RESULTS: 471 patients (232 male, 239 female) were identified, of which 14 died. Compared to literature, patients showed similar demographics (age range, diagnosis age, sex distribution); similar manifestations and prevalence (epilepsy, intellectual disability, renal disease); lower disease prevalence (1 in 63,290); lower mortality (0.21% per year); and near-identical standardized mortality ratio (4.99). A cumulative mortality of 4.08% was found over 14 years, though mortality plateaued at 7 years post-enrollment, suggesting a good overall survival rate; comparable with previous studies in Asian patients. Enrollment age was a significant prognostic factor, with late-enrollment (age > 18) patients at higher risk for all-cause mortality (Hazard ratio = 6.54). Average remaining lifetime was significantly lower than the general population, and decreased with age.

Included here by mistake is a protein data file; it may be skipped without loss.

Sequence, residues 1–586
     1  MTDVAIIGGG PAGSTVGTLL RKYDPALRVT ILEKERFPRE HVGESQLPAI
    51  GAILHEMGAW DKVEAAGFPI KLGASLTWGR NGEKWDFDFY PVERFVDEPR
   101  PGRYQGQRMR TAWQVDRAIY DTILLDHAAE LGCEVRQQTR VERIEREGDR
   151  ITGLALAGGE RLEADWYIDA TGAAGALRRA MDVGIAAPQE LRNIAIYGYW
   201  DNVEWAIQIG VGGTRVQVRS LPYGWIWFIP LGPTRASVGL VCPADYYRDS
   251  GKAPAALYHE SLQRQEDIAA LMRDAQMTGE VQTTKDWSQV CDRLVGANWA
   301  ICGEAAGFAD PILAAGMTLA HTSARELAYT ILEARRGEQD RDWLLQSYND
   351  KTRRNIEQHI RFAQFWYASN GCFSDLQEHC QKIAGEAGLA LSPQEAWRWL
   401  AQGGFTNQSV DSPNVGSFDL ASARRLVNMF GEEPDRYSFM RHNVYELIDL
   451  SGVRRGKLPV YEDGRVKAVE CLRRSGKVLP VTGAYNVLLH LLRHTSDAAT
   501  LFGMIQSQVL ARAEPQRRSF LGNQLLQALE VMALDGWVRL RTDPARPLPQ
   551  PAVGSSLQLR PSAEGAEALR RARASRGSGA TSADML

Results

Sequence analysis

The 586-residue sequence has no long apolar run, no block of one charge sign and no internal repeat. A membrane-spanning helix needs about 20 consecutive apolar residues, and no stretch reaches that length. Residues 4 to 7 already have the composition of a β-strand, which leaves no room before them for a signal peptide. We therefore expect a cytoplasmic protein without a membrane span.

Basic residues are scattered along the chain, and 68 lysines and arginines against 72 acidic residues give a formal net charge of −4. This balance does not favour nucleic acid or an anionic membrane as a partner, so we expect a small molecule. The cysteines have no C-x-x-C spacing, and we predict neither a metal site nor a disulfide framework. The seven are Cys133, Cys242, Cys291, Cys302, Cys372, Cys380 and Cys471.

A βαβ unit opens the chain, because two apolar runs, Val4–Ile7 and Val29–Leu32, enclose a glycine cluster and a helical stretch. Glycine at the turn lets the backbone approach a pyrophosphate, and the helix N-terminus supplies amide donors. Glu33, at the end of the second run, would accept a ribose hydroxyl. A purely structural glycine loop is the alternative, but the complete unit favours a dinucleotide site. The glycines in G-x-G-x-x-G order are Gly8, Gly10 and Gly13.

CONCLUSIONS: This study reports a population-based disease database, highlights the importance of diagnosis age in prognosis prediction, and suggests the role of renal manifestations in mortality. Furthermore, it corroborates recent TSC studies in the Asian population in terms of survival. Overall, physician vigilance, early diagnosis, and careful monitoring are beneficial for disease outcome and patient survival.
    Keywords:  Cohort study; Epidemiology; Mortality; National Health Insurance Database; Tuberous sclerosis complex
  6. Int J Mol Sci. 2021 Jul 26. pii: 7949. [Epub ahead of print]22(15):